LITTLE ROCK, Ark.-Roger Busfield Jr. president of the Arkansas Hospital Association for 21 years, retired June 30. Mr. Busfield, 68, previously had worked in various positions at the Michigan Hospital Association. James Teeter, 53, formerly the association's executive vice president, replaced him on July 1. The succession was announced last year (July 19, 1993, p. 32). "Roger Busfield has been in a lighthouse all these years, helping many of us steer clear of collisions," Mr. Teeter said in a letter to association members. "We owe him many debts of gratitude."
TULSA, Okla.-Healthcare America has assumed operating control of Shadow Mountain Hospital. Healthcare America, an Austin, Texas-based firm, already owned the real estate assets of the 100-bed psychiatric hospital, but had been leasing it to Century Healthcare Corp., Tulsa. Terms of the new transaction weren't disclosed. Healthcare America now operates nine psychiatric hospitals in three states.
GRAPEVINE, Texas-Baylor Medical Center at Grapevine is planning a $16.2 million expansion of the 56-bed suburban Dallas hospital. Construction is expected to begin early next year to add six step-down beds, four intensive-care beds, and expand the emergency department from six to 10 treatment rooms. The hospital also is planning a new women's services area with labor, delivery and recovery rooms. The expansion will help Baylor serve the growing Grapevine market, where the population is expanding at a 4.5% annual rate, said Mark Hood, the hospital's executive director.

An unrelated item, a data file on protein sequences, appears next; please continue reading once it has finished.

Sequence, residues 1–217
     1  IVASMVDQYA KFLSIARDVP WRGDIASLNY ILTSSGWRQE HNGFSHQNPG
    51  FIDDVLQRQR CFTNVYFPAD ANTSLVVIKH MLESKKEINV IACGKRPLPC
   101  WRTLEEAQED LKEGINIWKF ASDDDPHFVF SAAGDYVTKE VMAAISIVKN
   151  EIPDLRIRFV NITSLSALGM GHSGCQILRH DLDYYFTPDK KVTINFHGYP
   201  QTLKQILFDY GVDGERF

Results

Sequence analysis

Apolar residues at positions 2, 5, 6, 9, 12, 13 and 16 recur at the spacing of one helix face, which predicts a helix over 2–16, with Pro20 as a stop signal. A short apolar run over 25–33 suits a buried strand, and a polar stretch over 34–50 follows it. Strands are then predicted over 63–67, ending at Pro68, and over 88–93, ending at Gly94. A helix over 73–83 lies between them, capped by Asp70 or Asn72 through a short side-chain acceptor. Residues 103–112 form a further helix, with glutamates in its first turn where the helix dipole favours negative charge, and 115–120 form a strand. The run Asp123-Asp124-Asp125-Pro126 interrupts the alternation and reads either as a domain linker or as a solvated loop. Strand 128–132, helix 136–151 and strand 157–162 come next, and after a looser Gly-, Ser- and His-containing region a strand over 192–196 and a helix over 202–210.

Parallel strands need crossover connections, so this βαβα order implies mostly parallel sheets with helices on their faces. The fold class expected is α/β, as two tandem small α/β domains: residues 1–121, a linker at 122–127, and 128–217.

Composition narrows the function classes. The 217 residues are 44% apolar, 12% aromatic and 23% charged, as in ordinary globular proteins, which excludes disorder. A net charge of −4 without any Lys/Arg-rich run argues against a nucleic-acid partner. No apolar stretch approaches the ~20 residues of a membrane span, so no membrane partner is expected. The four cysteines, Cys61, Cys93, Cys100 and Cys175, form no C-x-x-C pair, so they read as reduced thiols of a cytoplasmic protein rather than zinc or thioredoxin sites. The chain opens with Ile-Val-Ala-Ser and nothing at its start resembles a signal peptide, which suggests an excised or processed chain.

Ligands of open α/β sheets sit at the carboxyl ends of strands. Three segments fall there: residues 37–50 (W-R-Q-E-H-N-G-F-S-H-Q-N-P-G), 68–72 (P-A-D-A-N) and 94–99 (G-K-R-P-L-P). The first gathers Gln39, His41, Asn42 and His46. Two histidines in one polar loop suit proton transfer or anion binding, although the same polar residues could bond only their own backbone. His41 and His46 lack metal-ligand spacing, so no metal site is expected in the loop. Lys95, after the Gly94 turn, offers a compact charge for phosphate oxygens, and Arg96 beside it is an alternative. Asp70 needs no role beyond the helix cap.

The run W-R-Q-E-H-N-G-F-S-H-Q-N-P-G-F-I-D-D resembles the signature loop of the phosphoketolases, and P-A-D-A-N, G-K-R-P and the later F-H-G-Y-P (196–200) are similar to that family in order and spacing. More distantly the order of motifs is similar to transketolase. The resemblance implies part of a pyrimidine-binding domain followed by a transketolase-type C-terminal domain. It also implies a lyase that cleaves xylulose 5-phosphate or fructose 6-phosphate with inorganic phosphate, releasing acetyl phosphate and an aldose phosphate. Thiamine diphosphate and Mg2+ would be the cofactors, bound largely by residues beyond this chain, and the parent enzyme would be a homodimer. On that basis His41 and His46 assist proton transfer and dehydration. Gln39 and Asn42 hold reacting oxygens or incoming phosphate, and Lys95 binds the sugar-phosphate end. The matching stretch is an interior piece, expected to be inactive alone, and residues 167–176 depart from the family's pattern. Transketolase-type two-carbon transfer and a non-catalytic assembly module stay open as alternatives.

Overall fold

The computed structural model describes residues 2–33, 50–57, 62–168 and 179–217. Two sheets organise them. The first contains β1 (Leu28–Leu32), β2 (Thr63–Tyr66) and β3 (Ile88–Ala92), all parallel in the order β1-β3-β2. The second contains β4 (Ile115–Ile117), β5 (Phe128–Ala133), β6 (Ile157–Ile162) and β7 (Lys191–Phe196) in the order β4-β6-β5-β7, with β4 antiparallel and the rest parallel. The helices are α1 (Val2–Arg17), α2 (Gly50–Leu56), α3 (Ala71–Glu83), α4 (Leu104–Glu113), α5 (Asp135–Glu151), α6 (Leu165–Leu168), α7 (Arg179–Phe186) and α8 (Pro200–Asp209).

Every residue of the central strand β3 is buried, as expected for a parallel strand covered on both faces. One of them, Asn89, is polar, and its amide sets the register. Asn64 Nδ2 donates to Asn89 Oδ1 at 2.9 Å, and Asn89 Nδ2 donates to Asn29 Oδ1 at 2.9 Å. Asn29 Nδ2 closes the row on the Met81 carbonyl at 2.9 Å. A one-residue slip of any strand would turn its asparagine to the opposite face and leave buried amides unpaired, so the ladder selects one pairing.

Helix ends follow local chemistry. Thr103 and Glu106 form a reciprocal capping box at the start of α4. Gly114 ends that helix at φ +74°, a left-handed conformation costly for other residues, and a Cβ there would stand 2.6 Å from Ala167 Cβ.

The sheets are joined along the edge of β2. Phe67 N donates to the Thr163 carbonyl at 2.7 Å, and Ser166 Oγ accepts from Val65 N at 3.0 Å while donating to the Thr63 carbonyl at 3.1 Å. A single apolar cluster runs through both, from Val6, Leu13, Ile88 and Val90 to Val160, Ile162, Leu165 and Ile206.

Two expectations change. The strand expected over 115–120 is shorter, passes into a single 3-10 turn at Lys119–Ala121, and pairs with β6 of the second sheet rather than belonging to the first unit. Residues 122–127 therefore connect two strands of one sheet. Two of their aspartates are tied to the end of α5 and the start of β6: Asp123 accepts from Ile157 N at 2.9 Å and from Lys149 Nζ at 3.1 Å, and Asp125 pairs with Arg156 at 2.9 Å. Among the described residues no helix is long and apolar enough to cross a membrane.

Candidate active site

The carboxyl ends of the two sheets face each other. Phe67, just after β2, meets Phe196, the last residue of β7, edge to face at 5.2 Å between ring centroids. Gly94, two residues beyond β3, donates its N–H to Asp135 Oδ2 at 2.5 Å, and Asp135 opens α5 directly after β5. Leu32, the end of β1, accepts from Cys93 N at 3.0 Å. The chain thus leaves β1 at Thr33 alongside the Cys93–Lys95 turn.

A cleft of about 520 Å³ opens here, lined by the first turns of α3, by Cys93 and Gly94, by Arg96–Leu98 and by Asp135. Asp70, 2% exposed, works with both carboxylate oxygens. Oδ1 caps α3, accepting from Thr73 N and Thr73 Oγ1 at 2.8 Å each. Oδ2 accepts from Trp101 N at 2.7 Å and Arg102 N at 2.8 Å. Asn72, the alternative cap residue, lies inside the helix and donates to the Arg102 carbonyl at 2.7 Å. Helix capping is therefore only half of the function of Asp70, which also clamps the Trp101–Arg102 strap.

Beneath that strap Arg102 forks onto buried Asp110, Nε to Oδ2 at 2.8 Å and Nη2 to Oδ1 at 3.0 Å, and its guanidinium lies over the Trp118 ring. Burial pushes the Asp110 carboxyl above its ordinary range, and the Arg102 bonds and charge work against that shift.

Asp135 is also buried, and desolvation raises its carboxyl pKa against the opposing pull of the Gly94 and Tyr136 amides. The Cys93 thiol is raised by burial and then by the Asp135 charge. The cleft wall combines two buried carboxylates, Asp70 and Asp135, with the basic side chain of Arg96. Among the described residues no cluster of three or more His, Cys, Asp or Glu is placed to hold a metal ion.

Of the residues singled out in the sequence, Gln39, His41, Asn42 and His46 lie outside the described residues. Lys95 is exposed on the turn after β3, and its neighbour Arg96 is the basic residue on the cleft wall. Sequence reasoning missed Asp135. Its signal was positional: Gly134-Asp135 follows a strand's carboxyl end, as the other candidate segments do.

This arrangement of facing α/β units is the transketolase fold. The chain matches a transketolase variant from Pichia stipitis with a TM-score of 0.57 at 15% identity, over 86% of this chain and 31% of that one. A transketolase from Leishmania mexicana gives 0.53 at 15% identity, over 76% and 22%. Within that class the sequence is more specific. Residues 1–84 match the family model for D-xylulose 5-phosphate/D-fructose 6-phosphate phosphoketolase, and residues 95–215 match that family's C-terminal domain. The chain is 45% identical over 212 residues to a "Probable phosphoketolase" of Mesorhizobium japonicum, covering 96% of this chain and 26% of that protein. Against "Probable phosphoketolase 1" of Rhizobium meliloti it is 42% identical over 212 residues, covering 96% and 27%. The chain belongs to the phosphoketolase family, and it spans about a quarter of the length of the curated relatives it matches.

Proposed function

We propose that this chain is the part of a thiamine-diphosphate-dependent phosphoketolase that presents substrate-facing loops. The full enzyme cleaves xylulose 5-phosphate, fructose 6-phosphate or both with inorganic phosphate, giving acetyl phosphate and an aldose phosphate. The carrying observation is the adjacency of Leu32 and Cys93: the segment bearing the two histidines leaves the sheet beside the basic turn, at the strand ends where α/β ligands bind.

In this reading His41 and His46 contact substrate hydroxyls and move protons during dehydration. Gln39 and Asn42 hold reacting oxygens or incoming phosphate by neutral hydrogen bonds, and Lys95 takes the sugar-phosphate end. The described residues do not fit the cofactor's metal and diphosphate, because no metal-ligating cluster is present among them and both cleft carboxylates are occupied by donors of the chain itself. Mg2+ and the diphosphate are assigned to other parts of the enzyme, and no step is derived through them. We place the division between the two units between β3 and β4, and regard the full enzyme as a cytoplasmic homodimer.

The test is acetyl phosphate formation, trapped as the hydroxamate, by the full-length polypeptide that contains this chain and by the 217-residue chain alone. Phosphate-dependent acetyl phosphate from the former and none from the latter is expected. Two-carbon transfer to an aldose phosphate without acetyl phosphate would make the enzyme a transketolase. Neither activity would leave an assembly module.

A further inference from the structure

HAYS, Kan.-Federal investigators have found flaws in the handling of narcotics at 133-bed Hays Medical Center. A Drug Enforcement Administration audit, prompted by allegations that narcotics were being diverted from the hospital, found 13 violations of regulations regarding inventory and record-keeping. Because violations were found, the hospital has reviewed procedures for narcotics distribution and hired a permanent pharmacy director, said Jodi Schmidt, a hospital spokeswoman. Turnover contributed to the problems, Ms. Schmidt said. In a meeting earlier this month, hospital administrators and federal regulators didn't agree to a settlement. The hospital could face a fine of as much as $325,000. "We are still working towards an appropriate resolution," Ms. Schmidt said. "We believe at this point we are in compliance."